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Gilead Edges Into Cancer Field With FDA OK of Calistoga Drug

Gilead Sciences snapped up a Seattle company called Calistoga Pharmaceuticals a few years back as part of a plan to treat cancer, not just HIV, as it’s long been known for.

Today, the Foster City, CA-based company will get that chance, because it just got clearance to begin selling the cancer drug that attracted it to Calistoga in the first place.

The FDA announced today that it’s approved Gilead’s (NASDAQ: GILD) idelalisib, the crown jewel of its Calistoga buyout, for three different types of blood cancers. The drug can be prescribed to patients whose chronic lymphocytic leukemia has returned (relapsed), in tandem with rituximab (Rituxan); and to patients with two other types of non-Hodgkin’s lymphoma—relapsed follicular B-cell non-Hodgkin’s lymphoma, and small lymphocytic lymphoma—after they’ve received at least two prior therapies.

Gilead will sell the drug under the brand name Zydelig.

The approval of idelalisib marks Gilead’s first foray into becoming a cancer drugmaker. Gilead’s $11 billion buyout of Pharmasset a few years ago enabled the company to become the first mover in a new wave of hepatitis C treatments, and the owner of a drug, sofosbuvir (Sovaldi), that’s fast become a mega-blockbuster (and incidentally, the focus of a drug pricing battle with Congress). But it’s also steadily made a series of business development moves in oncology, and one of those moves was its 2011 buyout of Seattle’s Calistoga. Gilead paid $375 million up front, and as much as $600 million overall, so it could obtain the right to what’ll now be sold as Zydelig, a drug designed to inhibit the delta isoform of the P13 kinase pathway—which plays a role in the growth of tumors.

Gilead’s drug was approved based on a 220-patient pivotal study that was stopped early because it clearly showed a benefit. At that point, patients in that study treated with idelalisib and rituximab lived an average of 10.7 months without seeing their tumors spread, compared to about 5.5 months for those on rituximab and a placebo. A second interim analysis showed that the results continued to hold up.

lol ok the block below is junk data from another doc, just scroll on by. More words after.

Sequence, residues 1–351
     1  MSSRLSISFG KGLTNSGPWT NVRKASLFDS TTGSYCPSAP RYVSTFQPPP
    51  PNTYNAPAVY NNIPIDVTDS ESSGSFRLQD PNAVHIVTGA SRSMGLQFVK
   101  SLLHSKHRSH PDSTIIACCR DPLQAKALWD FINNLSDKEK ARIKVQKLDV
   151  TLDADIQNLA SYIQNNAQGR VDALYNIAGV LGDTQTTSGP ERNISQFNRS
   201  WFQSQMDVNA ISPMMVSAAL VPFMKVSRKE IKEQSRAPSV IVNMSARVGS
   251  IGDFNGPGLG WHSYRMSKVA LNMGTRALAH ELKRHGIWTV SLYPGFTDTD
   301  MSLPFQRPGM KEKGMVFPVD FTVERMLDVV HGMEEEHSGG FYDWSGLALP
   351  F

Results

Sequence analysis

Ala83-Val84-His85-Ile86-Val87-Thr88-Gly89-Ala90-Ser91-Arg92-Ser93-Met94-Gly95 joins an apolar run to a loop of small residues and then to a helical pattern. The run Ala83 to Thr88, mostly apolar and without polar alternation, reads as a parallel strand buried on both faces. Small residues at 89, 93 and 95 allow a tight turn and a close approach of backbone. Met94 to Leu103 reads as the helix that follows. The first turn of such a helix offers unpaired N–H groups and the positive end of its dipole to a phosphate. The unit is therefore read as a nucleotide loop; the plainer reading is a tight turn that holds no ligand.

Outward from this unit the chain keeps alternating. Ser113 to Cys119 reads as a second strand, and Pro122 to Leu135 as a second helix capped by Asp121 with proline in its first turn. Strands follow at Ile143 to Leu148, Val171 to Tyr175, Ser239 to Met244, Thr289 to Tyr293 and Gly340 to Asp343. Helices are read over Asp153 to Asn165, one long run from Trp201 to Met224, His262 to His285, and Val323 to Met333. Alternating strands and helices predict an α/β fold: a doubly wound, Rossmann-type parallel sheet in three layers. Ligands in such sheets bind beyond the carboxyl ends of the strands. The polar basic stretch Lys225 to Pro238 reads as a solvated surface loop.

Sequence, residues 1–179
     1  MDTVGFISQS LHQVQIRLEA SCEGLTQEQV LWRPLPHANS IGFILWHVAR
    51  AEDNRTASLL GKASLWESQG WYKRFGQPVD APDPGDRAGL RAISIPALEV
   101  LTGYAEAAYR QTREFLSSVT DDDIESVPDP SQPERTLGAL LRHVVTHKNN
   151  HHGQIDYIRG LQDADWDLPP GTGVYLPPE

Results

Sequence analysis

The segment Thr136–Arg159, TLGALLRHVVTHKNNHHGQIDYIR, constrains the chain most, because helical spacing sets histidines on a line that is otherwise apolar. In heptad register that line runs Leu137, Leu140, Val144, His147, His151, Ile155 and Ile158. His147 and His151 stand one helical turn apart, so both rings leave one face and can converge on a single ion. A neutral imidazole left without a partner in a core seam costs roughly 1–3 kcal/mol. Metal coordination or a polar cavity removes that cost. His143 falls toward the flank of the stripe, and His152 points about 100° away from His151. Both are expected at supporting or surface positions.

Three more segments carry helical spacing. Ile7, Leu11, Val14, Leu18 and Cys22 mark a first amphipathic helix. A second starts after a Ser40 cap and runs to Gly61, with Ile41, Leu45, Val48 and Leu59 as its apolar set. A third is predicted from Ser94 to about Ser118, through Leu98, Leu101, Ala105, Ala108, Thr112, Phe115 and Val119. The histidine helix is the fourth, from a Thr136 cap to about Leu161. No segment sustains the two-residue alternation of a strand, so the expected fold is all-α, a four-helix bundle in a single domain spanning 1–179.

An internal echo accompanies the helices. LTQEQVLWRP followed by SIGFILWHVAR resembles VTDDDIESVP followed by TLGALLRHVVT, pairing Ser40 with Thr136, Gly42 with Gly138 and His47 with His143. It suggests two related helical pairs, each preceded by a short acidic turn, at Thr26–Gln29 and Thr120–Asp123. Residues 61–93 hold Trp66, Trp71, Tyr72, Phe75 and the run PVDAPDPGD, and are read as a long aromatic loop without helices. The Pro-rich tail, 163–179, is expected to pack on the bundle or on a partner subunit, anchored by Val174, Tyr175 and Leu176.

Now Gilead will see how those data translate into sales. It’s entering an increasingly competitive field: idelalisib is heading for a battle with Pharmacyclics (NASDAQ: PCYC) and Johnson & Johnson’s big-selling ibrutinib (Imbruvica). Other companies like AbbVie (NYSE: ABBV) have potential competitors looming. And RBC Capital Markets analyst Michael Yee wrote in a note today that that there are “already very low expectations” for Gilead’s drug—he estimated that the drug would grab 10 to 20 percent share of the market long-term.

One of the disclosures the FDA made today didn’t help: idelalisib was approved with a black box warning instructing clinicians to watch for certain serious side effects like liver toxicities, severe diarrhea, colitis, and inflammation in the lungs. Yee noted, for instance, that those concerns “might mute some of the initial launch of [Gilead’s] drug.”

Still, with various estimates putting peak sales of idelalisib at over $1 billion, Calistoga is looking like a solid investment for Gilead.

“Gilead is committed to the development of novel cancer therapies and we are proud to have this opportunity to make a difference in the lives of people living with these cancers,” said chairman and CEO John C. Martin, in a statement.